The last Democratic presidential debate of 2015 was held on the Saturday night before Christmas. Viewership was roughly one-quarter that of the first Republican debate and dramatically lower than all of the Republican debates.

In other words, the Democrats lost the competition for viewers—and for the framing of issues and ideas for the 2016 presidential competition.

That’s bad for the Democratic Party and its candidates. It’s also bad for a body politic that requires more than the junk-food diet offered up by Donald Trump and most of his fellow contenders for the Republican presidential nod.

So former secretary of labor Robert Reich, one of the most respected independent progressive figures within the Democratic orbit, has decided to do something about the problem.

Working with the activist group Democracy for America, Reich is circulating a petition that reads:

Saturday night’s [December 19] Democratic presidential primary debate was striking. It was all about substance and logic—in sharp contrast to Republican debates that have been all name-calling and posturing.

It was the kind of debate that could have really gotten voters excited about the Democratic Party. But because of when it was scheduled, almost nobody saw it.

And the bad scheduling looks like it is just going to keep getting worse. The next Democratic debate will be Sunday, January 17—on a three-day holiday weekend, scheduled at the same time as a major NFL playoff game.

Tell [Democratic National Committee chair] Debbie Wasserman Schultz and the DNC to schedule additional debates.

More than 100,000 Americans have signed the petition—which echoes calls from former Maryland governor Martin O’Malley and Vermont Senator Bernie Sanders for more debates—and the number is rising rapidly.

Reich is making an important point as a prominent progressive who served as a member of former president Bill Clinton’s cabinet and who has emerged as a hero of activists aligned with what is frequently referred to as “the Elizabeth Warren wing of the Democratic Party.”

“The Democratic National Committee has scheduled fewer than half the debates the Republicans have scheduled, and also put them on weekends when few people are likely to watch (the next one will be on a Sunday during the NFL playoffs, during the three-day MLK Jr. birthday weekend). Again by contrast, the Republicans have made sure their debates are in prime time,” he explains. “As a result, Republicans are getting lots of free TV time for their right-wing ideas and brainless policies, while Democrats get little time for ideas and policies that should be front and center. Republican debates are making the headlines, while Democratic debates are buried. Republican lies and misinformation shape the public’s understanding of what’s at stake in the 2016 election, while real issues and the important facts are sidelined.”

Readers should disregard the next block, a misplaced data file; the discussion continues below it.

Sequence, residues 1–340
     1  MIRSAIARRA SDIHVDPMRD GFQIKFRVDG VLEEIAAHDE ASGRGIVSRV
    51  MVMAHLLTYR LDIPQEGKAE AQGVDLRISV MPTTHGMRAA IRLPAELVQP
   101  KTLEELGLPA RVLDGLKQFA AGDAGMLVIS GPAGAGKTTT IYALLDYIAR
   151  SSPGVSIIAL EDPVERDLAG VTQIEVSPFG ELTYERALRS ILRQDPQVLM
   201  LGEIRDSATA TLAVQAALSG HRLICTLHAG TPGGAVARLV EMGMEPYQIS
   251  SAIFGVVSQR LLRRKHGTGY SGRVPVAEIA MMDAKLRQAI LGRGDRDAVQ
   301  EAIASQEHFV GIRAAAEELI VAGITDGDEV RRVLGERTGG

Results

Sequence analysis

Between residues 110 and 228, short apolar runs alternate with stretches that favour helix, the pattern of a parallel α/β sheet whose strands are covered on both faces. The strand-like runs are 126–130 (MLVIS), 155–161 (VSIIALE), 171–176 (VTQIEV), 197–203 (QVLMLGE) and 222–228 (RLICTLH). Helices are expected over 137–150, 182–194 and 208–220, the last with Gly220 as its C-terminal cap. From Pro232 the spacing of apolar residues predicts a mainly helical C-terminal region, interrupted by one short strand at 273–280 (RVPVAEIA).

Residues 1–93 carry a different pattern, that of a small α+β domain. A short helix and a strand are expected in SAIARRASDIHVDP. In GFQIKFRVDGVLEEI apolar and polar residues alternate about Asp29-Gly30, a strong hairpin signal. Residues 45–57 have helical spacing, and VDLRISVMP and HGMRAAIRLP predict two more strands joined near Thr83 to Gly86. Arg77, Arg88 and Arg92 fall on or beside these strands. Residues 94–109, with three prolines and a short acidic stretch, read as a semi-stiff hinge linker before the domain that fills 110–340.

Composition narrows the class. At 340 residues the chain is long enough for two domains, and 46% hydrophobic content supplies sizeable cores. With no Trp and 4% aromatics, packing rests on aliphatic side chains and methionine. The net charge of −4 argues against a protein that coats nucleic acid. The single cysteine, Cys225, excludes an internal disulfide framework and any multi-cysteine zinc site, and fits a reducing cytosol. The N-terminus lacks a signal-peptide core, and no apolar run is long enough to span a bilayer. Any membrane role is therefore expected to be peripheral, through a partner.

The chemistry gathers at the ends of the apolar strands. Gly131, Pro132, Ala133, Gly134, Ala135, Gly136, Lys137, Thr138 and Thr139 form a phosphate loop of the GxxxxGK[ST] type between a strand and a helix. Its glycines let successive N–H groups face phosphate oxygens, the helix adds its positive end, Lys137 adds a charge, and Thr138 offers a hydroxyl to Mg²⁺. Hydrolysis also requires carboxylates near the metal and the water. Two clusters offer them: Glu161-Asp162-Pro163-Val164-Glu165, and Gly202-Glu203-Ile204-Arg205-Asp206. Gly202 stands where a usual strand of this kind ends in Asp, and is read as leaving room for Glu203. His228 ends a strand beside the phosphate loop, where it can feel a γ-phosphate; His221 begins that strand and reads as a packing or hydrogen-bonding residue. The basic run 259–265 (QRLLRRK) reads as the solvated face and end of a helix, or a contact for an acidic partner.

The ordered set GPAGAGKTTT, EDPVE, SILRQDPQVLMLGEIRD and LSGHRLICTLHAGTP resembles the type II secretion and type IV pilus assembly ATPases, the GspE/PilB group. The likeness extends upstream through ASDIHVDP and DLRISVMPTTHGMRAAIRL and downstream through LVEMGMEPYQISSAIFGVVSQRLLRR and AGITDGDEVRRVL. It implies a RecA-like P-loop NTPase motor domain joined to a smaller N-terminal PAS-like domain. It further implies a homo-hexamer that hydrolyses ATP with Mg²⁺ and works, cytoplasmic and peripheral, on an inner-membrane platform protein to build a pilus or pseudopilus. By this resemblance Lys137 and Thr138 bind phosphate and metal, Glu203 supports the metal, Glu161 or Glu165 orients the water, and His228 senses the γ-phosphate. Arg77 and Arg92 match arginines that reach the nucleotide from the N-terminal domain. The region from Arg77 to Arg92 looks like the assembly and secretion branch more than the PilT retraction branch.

The fight for more debates ought not to be limited to the Democratic primary process.

Activists should also be fighting for more debates once the parties have nominated their candidates for president.

The Commission on Presidential Debates, a joint project of Democratic and Republican party insiders, currently has control of the fall presidential debates—along with the television networks. The commission has a history of narrowing the number of debates, limiting the number of candidates who can participate and selecting moderators and panelists who constrain rather than expand the range of debate.

Now is the time to start fighting to break the stranglehold of the commission and to open up the fall debates. Some groups are already working in this direction. There’s even a change.org petition that calls for the commission to “Include All Qualified Candidates in 2016 Presidential Debates.”

Debates are an essential feature of democracy, and we should all resolve to fight for more of them in 2016.